Discovering Wardell Gray: An Interview with Biographer Richard Carter

Victor L. Schermer By

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[This is one of two interviews and an article intended to bring readers' attention to the under-recognized tenor saxophonist, Wardell Gray, whose brief career spanned the transition from swing to bebop and whose life was cut short by sudden and tragic circumstances.]

Richard Carter is a London writer and jazz aficionado who, as a college student, was first taken by Wardell Gray's recordings in the 1950s, around the time of Gray's passing but while his records were still popular. Three decades later, in the 1980s, Carter felt that the time had come for a biography of this great but neglected musician. Since then, in the midst of many other responsibilities, he has been collecting information and interviews for the biography, which he hopes to complete in the not too distant future. He remains a passionate Wardell fan, and he has a treasure trove of information and observations about the man and his music. All About Jazz, seeking to fill in some of the gaps and mystery about Wardell Gray, interviewed Carter by phoning him up in London.

All About Jazz: How did you become interested in jazz, and specifically, Wardell Gray?

Richard Carter: In the mid-1950s, I was a teenager in boarding school in England, and a friend had had some British traditional jazz records so we started with them. But he also had a radio that could pick up the Voice of America station from Europe as well as a jazz program from Paris compered by Sim Copans; and that was how we were first introduced to more modern music like Charlie Parker, etc. Later, when I was in University, a lecturer friend named Derek Moore (a mathematician who followed a distinguished academic career, later becoming an FRS, a Fellow of the Royal Society) used to play records for me, and he'd test me to see if I could recognize the performer (he once threatened to throw me down stairs if I didn't recognize Bunny Berigan. Luckily, I did) [Laughter]. Then he played a record of a tenor saxophonist whom he said I wouldn't recognize but ought to hear: it was Wardell with a small group in a 1947 concert recording of "Blue Lou." I felt it was wonderful. I immediately loved the relaxation and fluency in his playing. After that, I was hooked on Wardell.

AAJ: I had a similar reaction the first time I heard the initial bars coming from his horn on one of his recordings. And many other listeners have responded similarly. His fluency and sonority are very impressive even today.

RC: Especially in recordings made during that period from about 1947 to 1949 when, I believe, he was at his peak musically: the ideas kept flowing and he was playing on the whole in very sympathetic contexts. One of his great musical signatures was playing an arresting opening phrase. It grabs you immediately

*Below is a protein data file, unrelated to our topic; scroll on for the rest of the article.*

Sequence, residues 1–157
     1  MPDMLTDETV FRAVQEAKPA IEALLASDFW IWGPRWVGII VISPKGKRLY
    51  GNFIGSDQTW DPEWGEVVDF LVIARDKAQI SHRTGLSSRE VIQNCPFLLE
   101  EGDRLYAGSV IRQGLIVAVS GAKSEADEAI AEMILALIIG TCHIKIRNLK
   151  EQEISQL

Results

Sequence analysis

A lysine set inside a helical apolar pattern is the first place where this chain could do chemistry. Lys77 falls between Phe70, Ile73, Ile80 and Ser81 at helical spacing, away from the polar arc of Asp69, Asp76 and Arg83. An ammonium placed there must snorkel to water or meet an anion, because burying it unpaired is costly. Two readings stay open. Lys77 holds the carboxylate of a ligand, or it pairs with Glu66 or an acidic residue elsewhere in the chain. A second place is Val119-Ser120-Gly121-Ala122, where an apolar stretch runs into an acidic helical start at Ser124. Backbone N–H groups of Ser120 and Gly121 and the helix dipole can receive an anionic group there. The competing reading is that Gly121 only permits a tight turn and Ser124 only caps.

Pursuing a Biographical Account

AAJ: What led you to take up the daunting task of writing Wardell's biography?

RC: In the mid-1980s, a number of new biographies of jazz musicians were published. There was one of Dexter Gordon, for example, and I just thought, "Hang on, Wardell Gray has been neglected, and he's a better musician than many who became well-known, yet they had books written about them and he didn't." So I thought I'd make a start on it, while at the same time suspecting that someone else must be working on it somewhere, and if so, I could pass the information I gathered on to them. When I discovered no one else was working on it, I decided to put more effort into it. I wrote to many people who knew Wardell, but didn't get any replies, except for Don Schlitten, the CEO of Xanadu Records, but he was very discouraging, suggesting there was no one around who could tell me anything and I was wasting my time. I was beginning to think he was right, when, out of the blue, I got a post card from Vienna from Art Farmer, who said he would be in London next week, and if I could come to his hotel, we could meet. That made a big difference, because I found out through him that Wardell's first wife and his second wife, now his widow, were still alive, and he put me in touch with Dorothy, Wardell's widow, who in turn put me in touch with the first wife Jeri, and those contacts made a huge difference in what I was able to learn about him.

In Summer 1989 my wife and I took a holiday in California, where we did a house swap in a small town east of Los Angeles. Armed with the contact information I had from Art Farmer, I went to meet Dorothy Gray as well as Jeri, who had re-married by that time. In addition, I came across an article by Mark Ladenson in the magazine Coda about Wardell. Ladenson was from East Lansing, Michigan, and wrote about Wardell's younger days in that neck of the woods. He put me in touch with some people there. So, a year later, I went to Detroit and was able to meet a lot of people who knew Wardell in his very early days. I was able to fill in many of the details of his early life. Until then, I had only a skeleton of the period. I knew he was at Cass Technical High School, where many well-known musicians had studied, that he played with local bands led by Benny Carew and Jimmy Raschel, that he was spotted by Earl Hines, and that that was his big break. But through the interviews in the Detroit area, I was able to fill in many gaps from the early period.